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S. Schneegans, Editor
Vol. 4 N° 4
p 2 - The future of drylands revisited
p 9 - Nigerian President pledges
US$5 billion towards National Science Foundation
p 9 - UNESCO and the BBC bring science to the screen
p 10 - A regional biotechnology centre for India
p 11 - Experts appeal for greater sup-port for sea-level
p 11- National tsunami preparations an absolute priority
p 12 - Badaoui Rouhban
on making schools safe in a disaster
p 15 - The very real success of the Avicenna Virtual
p 19 - Students choose life in Kenya
p 24 - Diary
p 24 - New releases
the 1950s, a sense of great optimism prevailed that we could
green the world's deserts. It was believed that techniques
like cloud seeding could bring rainfall to dry areas; improved
irrigation techniques could boost agricultural production
in dry-lands; and selective breeding could create livestock
less dependent on water. In short, we thought that poverty
in the world's drylands could be reduced through technology.
Half a century later, that optimism has been replaced by realism
and anxiety. The belief that we can control our climate has
given way to concerns about the human impact on the environment,
in particular global warming. Current climate scenarios predict
that the driest regions of the world will become even drier.
last May, a study published in Science indicated that the
tropical climate zone was expanding towards both poles. According
to the study, which is based on satellite data from 1979 to
2005, the northern and southern hemispheres jet streams
fast-flowing winds about 10 km above the Earths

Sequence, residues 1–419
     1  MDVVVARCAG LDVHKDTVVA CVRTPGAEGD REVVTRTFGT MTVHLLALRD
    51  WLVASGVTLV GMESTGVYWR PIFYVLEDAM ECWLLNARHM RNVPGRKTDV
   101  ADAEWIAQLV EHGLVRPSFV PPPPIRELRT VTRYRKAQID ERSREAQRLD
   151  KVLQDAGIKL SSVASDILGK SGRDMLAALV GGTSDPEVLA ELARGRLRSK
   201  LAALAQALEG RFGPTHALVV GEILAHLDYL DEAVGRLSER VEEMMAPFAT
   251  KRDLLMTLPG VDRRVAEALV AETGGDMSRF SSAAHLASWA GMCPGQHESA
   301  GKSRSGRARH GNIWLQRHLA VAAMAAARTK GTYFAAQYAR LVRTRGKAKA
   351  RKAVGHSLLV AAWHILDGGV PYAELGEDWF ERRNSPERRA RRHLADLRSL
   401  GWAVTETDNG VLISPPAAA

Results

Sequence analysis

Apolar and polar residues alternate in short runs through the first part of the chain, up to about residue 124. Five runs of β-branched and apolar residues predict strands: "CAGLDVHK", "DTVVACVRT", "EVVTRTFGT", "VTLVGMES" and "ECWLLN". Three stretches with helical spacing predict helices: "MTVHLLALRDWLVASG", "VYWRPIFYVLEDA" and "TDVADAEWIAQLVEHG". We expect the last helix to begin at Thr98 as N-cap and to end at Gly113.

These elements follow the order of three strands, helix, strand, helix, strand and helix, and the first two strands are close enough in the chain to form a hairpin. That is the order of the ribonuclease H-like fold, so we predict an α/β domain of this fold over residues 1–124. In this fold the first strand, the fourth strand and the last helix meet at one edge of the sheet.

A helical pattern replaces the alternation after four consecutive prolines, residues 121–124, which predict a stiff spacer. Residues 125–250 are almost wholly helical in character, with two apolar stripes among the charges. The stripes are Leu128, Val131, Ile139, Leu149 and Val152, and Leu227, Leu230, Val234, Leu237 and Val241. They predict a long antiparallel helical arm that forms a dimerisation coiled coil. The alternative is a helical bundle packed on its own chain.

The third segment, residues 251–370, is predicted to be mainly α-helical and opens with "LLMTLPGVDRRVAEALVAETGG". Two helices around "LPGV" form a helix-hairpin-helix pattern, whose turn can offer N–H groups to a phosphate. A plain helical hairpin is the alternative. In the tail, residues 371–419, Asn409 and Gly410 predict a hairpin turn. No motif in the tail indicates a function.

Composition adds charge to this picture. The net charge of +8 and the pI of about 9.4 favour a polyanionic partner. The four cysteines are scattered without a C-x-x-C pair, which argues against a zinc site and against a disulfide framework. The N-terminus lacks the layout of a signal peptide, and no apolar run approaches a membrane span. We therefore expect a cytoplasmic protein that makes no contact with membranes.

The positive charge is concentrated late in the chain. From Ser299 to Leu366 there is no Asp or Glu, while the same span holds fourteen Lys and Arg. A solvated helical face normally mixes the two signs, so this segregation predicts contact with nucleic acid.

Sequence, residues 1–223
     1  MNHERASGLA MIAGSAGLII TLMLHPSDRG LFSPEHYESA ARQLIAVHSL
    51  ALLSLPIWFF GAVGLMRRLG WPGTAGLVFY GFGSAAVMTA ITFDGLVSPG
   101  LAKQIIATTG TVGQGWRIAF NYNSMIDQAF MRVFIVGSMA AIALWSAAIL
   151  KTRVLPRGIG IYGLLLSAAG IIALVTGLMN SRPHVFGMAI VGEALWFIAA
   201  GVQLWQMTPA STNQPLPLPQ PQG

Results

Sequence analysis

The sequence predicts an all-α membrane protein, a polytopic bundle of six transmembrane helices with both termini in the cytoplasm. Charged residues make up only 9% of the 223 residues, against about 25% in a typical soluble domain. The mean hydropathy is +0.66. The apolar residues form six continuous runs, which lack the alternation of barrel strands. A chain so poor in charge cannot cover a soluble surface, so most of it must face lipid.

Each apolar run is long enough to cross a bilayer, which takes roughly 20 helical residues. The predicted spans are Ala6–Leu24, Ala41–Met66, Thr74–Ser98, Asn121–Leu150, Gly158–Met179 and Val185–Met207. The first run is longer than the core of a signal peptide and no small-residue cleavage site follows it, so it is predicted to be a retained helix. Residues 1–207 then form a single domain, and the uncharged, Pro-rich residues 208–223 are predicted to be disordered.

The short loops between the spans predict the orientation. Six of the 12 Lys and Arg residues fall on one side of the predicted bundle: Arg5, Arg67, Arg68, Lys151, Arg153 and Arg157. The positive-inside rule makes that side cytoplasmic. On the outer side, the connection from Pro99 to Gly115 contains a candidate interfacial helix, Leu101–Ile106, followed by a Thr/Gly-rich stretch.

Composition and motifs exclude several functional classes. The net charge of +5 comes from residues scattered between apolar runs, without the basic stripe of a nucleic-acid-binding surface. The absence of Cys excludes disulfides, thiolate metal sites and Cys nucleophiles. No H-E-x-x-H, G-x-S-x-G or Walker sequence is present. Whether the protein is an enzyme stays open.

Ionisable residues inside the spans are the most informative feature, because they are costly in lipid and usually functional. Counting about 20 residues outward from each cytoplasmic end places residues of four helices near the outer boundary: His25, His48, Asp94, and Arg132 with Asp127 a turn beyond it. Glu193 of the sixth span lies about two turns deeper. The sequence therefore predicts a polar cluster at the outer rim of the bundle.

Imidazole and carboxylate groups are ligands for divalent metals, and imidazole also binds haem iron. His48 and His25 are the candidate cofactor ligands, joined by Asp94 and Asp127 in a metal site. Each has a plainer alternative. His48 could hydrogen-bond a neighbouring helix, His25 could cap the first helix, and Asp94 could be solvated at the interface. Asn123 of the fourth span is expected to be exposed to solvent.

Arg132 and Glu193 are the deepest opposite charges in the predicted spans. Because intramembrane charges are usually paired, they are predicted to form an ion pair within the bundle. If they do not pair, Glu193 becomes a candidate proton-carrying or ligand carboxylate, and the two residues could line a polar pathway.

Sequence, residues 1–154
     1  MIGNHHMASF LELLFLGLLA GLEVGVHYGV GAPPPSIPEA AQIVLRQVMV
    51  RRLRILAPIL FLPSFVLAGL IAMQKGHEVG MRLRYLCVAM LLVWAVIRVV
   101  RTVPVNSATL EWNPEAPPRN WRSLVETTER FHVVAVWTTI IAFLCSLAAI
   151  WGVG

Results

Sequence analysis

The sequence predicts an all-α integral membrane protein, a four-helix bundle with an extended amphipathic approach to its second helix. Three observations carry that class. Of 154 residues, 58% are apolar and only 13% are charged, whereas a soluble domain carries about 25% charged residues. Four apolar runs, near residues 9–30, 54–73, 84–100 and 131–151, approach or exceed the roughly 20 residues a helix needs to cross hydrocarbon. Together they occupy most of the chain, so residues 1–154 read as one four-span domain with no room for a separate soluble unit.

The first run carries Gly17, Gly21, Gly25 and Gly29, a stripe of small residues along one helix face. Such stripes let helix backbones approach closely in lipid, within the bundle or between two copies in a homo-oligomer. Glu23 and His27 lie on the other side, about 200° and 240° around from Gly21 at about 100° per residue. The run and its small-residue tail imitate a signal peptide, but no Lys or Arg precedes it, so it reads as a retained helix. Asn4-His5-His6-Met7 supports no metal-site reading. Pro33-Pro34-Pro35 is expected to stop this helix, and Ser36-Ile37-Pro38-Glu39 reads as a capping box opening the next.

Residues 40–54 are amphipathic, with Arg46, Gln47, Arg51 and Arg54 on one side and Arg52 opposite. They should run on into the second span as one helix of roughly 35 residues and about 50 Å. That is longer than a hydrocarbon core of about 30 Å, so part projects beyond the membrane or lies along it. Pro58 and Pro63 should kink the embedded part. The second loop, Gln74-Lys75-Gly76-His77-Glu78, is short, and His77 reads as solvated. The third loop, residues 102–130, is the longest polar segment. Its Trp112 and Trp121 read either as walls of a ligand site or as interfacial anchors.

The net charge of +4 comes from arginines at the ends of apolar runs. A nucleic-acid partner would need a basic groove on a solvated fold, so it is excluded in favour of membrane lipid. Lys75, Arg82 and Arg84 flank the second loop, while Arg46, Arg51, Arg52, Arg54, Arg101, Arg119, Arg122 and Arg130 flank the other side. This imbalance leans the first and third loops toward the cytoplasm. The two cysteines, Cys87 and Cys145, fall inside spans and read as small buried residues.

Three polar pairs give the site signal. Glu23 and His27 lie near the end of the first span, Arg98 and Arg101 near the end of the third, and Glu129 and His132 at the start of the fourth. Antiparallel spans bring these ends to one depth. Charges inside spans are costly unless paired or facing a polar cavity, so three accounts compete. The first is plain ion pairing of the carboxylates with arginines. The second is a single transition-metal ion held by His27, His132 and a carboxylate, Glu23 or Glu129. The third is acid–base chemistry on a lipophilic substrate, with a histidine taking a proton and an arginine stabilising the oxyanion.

surface which mark the limits of the tropics have each
moved about 1° of latitude (about 113 km) nearer the poles.
If the jet streams move another 23° degrees
poleward this century, very dry areas like the Sahara Desert
could nudge farther towards the poles, perhaps by a few hundred
miles, predicts co-author John Wallace of the University
of Washington (USA).
technological advances in the genetic modification of organisms
to make them drought- and pest-resistant, dryland countries
are still among the poorest in the world; many also register
high population growth.
we shall see in this issue, the past 50 years have shown us
that the ecological and socio-economic situation in drylands
is not a simple equation governed by factors such as climate,
soil, water and vegetation. Market speculation and enormous
price fluctuations on commodities like cotton can affect the
income of a rural farmer in a remote village in Mali, in the
same way that droughts or floods will affect his or her harvest.
choices also enter into play. Nearly one-fifth of China is
desertic. Last February, the government announced an ambitious
plan to reclaim 250 000 km2 of desert by 2020 by planting
trees and grasses, banning land use in some areas and investing
in sustainable energy and efficient water use.
thing we have learnt over the past 50 years is that, if drylands
do not cover the globe, they are nevertheless a global problem.
To cite the authors of The Future of Drylands Revisited, dust
from central Asia causes health concerns not only in China
and Japan but also in North America [and] dust from Africa
may be contributing to the decline of coral reefs in the Caribbean.
Assistant Director-General for Natural Sciences